So pay Weber's BBQ and More a visit today and dig into some delicious and fresh barbecue dishes.
So get a little messy with your next meal, and swing by Weber's BBQ and More for some of the best barbecue in town.
Red Robin Gourmet Burgers offers crave-able burger creations, such as a barbecue burger or a classic cheeseburger.
Gluten-sensitive diners can still find plenty of options on Red Robin Gourmet Burgers' menu, as can vegans.
Drinks here are readily available, so you can enjoy a glass of red or try something new.
Having trouble finding that family-friendly restaurant everyone will love? This burger joint serves all ages, so little ones are welcome to come along, too.
Show up in sneakers or a suit at Red Robin Gourmet Burgers, where dining in comfort is of utmost importance.
Throwing a big party? Count on Red Robin Gourmet Burgers to provide top-notch catering with the same great dishes you love.
What's that you hear? It's carryout at this burger joint.
Don't waste time searching for parking, we've done all the work for you. Spaces available here.
Travel by bike to Red Robin Gourmet Burgers and store your bike at a nearby rack.
A meal at Red Robin Gourmet Burgers will typically set you back about $30.
So head over to Red Robin Gourmet Burgers, where they've put a deliciously unique spin on the classic American burger.
So pay Red Robin Gourmet Burgers a visit today and fill up on a juicy and flavorful burger.
Grilled, seasoned, and served to perfection, Burger King is a prime burger joint everyone can enjoy.
Calling all gluten-free and low-fat diners! Burger King has a multitude of dishes right up your alley that are freshly-prepared and taste amazing.
Free wifi is available as well.
Gather up your group of friends and head to Burger King, a local restaurant that has room for large groups.
Take your meal to the next level on the patio at Burger King.
A relatively loud burger joint, this is not the place for a quiet night out.
Catering is also available if you'd like to serve Burger King's tasty dishes at your next party.
Don't feel like dining out? Place your order, sit back and relax while Burger King delivers right to your door.
Driving to Burger King? Check out the nearby parking selections and park with ease.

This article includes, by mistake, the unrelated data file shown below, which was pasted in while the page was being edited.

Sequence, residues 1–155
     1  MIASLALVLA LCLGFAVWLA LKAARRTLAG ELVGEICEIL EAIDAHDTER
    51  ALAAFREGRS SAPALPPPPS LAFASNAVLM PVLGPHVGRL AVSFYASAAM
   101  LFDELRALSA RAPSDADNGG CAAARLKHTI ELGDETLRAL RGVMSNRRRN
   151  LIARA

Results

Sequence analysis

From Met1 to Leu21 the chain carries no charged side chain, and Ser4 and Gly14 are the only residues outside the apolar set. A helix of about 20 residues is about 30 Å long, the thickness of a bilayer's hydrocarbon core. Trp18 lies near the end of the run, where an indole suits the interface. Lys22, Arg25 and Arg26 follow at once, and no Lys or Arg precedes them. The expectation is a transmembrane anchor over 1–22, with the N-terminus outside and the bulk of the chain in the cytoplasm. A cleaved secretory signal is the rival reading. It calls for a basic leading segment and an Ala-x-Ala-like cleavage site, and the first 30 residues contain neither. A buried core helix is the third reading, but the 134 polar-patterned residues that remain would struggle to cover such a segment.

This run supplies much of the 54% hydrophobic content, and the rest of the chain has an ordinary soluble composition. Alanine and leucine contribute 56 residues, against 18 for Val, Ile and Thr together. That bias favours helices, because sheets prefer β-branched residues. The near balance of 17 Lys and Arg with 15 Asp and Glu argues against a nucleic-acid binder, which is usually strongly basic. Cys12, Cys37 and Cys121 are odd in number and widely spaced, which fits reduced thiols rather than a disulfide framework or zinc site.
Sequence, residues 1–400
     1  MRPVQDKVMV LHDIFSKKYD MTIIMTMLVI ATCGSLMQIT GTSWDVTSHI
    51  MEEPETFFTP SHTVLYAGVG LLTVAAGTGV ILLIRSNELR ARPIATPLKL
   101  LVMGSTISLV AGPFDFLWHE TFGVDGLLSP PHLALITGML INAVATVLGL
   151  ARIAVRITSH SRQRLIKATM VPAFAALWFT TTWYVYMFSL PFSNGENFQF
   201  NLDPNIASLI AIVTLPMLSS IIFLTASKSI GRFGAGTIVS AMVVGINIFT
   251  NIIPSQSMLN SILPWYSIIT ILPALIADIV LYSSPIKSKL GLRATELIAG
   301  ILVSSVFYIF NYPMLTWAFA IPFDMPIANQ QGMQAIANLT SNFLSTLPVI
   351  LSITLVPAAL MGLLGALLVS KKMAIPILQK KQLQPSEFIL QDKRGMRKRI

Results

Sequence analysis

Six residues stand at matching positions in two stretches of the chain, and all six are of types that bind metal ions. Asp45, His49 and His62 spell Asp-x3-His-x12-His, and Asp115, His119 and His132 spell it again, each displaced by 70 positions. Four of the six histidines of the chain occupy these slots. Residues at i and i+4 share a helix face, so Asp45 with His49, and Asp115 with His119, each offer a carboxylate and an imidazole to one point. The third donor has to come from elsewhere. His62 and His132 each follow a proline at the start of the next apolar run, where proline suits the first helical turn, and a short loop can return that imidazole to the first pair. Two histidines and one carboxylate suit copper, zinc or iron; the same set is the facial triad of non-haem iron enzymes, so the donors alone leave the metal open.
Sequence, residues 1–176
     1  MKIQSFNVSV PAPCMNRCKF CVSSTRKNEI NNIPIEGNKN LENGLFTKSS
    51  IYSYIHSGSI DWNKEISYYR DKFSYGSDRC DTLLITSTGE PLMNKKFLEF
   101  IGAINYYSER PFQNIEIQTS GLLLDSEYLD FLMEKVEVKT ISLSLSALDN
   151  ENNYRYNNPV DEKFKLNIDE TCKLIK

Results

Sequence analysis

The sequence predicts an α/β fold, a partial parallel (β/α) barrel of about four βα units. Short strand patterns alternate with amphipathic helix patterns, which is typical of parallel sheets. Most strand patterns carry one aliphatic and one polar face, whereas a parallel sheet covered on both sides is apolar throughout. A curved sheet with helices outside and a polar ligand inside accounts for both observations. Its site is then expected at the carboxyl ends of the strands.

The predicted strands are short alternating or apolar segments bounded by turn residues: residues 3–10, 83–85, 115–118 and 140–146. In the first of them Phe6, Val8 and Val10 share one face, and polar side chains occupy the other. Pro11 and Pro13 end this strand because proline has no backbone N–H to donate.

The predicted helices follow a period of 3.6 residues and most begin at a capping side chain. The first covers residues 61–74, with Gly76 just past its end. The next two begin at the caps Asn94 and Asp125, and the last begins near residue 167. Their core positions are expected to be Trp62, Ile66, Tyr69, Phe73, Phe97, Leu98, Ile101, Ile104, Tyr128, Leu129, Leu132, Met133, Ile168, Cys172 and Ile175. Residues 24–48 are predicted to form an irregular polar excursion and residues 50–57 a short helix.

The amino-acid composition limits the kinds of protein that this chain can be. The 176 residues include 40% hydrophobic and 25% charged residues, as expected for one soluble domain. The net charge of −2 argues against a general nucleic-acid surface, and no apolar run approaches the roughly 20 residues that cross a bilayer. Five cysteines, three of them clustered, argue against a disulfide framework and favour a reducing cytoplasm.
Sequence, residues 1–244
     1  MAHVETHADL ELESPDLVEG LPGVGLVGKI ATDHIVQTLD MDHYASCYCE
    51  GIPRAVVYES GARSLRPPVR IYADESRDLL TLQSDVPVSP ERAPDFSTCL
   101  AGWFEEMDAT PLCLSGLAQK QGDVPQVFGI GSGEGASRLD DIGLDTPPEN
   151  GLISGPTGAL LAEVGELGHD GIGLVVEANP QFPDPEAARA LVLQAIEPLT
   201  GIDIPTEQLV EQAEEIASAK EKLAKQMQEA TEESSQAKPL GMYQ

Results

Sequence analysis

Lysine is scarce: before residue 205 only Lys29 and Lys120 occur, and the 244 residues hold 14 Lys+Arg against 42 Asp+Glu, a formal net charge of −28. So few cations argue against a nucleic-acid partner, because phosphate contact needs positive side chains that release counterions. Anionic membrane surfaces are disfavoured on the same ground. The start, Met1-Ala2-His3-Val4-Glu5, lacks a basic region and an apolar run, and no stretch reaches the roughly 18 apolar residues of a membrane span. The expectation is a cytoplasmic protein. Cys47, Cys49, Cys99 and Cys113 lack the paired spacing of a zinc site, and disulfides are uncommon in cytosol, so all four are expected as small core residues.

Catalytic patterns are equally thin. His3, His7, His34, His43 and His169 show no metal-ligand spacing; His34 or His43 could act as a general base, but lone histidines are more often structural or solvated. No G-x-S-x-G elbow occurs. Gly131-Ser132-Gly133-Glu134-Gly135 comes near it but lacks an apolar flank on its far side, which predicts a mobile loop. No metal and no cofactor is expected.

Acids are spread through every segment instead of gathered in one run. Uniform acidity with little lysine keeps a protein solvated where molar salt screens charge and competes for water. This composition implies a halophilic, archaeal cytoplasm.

For those who prefer to travel by bike, Burger King is a great option due to its generous bike parking options.
Head on over to Burger King first thing in the morning or last thing in the evening — Burger King is open for breakfast, lunch, and dinner.
So when your stomach starts growling, make your way over to Burger King and satisfy your hunger with a juicy burger.
Low-key Mexican fare at its best is found at Taqueria La Estrella.
Treat yourself to a healthy meal at Taqueria La Estrella, a local restaurant.
The perfect place to take the kids, dining out at this restaurant won't cost you a sitter.
Summer meals will taste even better when you enjoy them on Taqueria La Estrella's gorgeous patio.
For no extra charge, utilize Taqueria La Estrella's free wifi.
Between the music and the crowds, be prepared for a lot of noise at this restaurant.
Show up a bit early if you want to be seated right away — Taqueria La Estrella doesn't take reservations.
Taqueria La Estrella prides itself in its delicious catering.
You've heard correctly. This restaurant offers both delivery or carryout.
Don't fret! Parking options are readily available near Taqueria La Estrella.
Who s hungry for great grub at a reasonable rate? Taqueria La Estrella s yummy creations will leave a mark in your memory but not a dent in your pocketbook.
If you prefer casual dining, head on over to Taqueria La Estrella and enjoy some Mexican fare in a comfortable setting.
So switch up your normal lunch or dinner routine and try one of Taqueria La Estrella's tasty Mexican dishes.